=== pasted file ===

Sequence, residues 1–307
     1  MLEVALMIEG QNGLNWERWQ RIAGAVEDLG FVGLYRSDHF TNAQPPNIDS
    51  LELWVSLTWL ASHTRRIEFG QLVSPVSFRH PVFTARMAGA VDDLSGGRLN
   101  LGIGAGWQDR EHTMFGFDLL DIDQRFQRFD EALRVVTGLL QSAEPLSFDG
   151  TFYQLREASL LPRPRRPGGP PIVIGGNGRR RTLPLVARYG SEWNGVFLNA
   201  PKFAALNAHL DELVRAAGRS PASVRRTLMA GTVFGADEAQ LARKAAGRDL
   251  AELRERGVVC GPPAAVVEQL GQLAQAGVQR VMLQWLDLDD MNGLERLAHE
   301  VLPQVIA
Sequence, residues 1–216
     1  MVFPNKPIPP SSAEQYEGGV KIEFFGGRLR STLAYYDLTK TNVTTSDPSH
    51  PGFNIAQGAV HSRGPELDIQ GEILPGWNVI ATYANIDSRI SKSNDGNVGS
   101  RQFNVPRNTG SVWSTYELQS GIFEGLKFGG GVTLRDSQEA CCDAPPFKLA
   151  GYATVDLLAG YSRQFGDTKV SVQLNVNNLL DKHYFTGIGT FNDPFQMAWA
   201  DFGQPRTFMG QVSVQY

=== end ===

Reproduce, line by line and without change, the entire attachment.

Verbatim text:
Sequence, residues 1–307
     1  MLEVALMIEG QNGLNWERWQ RIAGAVEDLG FVGLYRSDHF TNAQPPNIDS
    51  LELWVSLTWL ASHTRRIEFG QLVSPVSFRH PVFTARMAGA VDDLSGGRLN
   101  LGIGAGWQDR EHTMFGFDLL DIDQRFQRFD EALRVVTGLL QSAEPLSFDG
   151  TFYQLREASL LPRPRRPGGP PIVIGGNGRR RTLPLVARYG SEWNGVFLNA
   201  PKFAALNAHL DELVRAAGRS PASVRRTLMA GTVFGADEAQ LARKAAGRDL
   251  AELRERGVVC GPPAAVVEQL GQLAQAGVQR VMLQWLDLDD MNGLERLAHE
   301  VLPQVIA
Sequence, residues 1–216
     1  MVFPNKPIPP SSAEQYEGGV KIEFFGGRLR STLAYYDLTK TNVTTSDPSH
    51  PGFNIAQGAV HSRGPELDIQ GEILPGWNVI ATYANIDSRI SKSNDGNVGS
   101  RQFNVPRNTG SVWSTYELQS GIFEGLKFGG GVTLRDSQEA CCDAPPFKLA
   151  GYATVDLLAG YSRQFGDTKV SVQLNVNNLL DKHYFTGIGT FNDPFQMAWA
   201  DFGQPRTFMG QVSVQY